The Chinese New Citizens Movement's fight for constitutional freedom continues to face fierce opposition from China's new president, Xi Jinping.
Not only did the Chinese government arrest the movement’s leader, Xu Zhinyong, in July for "assembling a crowd to disrupt order in a public place," but the New York Times reported that another 160 protesters like Xu have been arrested over the last year.
What makes Xu such a dangerous threat? His rights campaign has centered on “anti-corruption”—fighting against abuses such as forced relocation of citizens, rape, beatings, and even a contaminated milk scandal.
If Xi had exposed himself as a dictator, ready to squelch rebellion, Xu’s arrest would have been expected. On the contrary, Xi’s actions contradict his own proclamations, according to China Daily:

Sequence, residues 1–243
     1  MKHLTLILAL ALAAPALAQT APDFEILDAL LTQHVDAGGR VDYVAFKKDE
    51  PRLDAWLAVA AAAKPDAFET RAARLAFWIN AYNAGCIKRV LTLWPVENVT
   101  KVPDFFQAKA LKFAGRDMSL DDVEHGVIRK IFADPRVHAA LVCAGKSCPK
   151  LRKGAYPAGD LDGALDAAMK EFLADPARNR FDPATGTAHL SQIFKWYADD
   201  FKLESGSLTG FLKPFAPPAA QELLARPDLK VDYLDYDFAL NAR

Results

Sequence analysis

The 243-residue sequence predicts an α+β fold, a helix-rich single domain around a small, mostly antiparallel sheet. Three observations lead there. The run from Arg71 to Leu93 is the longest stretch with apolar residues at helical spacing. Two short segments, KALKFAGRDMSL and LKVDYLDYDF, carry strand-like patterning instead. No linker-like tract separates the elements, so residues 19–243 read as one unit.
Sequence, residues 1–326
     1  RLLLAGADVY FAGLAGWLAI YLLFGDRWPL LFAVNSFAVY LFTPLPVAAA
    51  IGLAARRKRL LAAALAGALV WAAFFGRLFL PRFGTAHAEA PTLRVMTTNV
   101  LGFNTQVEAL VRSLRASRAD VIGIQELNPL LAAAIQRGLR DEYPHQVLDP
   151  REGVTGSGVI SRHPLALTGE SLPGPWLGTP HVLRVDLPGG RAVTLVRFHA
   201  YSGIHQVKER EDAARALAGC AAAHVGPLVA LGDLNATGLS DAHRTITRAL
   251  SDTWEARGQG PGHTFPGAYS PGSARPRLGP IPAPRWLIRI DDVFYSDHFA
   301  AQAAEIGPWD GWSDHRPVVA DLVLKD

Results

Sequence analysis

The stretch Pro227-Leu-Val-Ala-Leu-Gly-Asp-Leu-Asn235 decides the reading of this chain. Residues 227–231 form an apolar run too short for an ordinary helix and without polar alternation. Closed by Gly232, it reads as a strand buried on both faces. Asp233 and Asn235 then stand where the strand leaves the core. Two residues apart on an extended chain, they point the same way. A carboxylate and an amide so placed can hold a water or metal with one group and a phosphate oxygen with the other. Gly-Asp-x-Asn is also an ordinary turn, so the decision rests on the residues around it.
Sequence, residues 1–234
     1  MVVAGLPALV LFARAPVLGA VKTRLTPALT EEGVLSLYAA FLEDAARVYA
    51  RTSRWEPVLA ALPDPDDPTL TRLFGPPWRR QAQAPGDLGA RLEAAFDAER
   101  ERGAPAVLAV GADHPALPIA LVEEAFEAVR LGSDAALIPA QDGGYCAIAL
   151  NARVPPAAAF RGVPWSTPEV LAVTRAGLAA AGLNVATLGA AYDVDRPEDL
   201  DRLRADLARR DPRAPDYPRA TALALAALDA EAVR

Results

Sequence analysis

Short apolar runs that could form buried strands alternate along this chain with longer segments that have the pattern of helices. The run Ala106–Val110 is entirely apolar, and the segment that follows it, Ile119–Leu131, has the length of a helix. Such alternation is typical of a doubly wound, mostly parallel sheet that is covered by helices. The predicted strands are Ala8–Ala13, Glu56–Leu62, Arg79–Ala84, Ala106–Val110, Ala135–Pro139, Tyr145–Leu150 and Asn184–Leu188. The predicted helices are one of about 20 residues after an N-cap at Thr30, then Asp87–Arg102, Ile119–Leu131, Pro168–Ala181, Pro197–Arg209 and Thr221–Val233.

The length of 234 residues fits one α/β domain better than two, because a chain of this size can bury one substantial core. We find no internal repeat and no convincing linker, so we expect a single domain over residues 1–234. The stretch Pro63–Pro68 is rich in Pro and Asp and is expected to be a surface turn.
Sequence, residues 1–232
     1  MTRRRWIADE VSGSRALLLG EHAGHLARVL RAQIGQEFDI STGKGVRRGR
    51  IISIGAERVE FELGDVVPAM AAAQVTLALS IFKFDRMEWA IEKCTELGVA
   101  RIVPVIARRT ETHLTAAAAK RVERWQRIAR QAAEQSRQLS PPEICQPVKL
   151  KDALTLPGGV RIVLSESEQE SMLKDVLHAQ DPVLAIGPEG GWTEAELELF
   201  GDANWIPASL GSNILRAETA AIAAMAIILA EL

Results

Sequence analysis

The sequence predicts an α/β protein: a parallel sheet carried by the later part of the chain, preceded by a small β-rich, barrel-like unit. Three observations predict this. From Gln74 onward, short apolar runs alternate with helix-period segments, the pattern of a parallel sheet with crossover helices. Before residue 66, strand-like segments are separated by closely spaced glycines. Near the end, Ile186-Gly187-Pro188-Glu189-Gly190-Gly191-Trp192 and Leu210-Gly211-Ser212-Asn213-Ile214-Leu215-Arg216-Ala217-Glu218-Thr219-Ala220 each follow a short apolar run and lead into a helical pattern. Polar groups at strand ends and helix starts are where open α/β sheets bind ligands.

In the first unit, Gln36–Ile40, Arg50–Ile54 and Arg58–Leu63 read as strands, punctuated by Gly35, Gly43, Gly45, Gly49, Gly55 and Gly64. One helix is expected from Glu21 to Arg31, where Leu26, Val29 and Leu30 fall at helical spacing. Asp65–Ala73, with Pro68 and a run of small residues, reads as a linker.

[Xi] stressed zero tolerance of graft and promised to seriously punish every corrupt official being caught.
"Every CPC official should keep in mind that all dirty hands will be caught," [Xi] said. "Senior officials should hold Party disciplines in awe and stop taking chances."
Why is Xi bothering with anti-corruption claims when he seems to be feverishly working against Xu and other activists? Despite the New Citizens Movement’s hope that their new president would support change, it is clear that Xi has every intention of desperately clinging to power.
Xu’s wife recently gave birth to their baby daughter, while Xu has been behind bars. His lawyer said Xu should be going to trial soon, but no date has been set. Regardless, they are skeptical that witnesses will be allowed to testify. The minimum five-year sentence is a daunting reality for this new father.
Despite activism across the globe, the curse of communism still strangles Chinese citizens. A government promising one thing and providing another? Maybe Xi is more Western than we thought.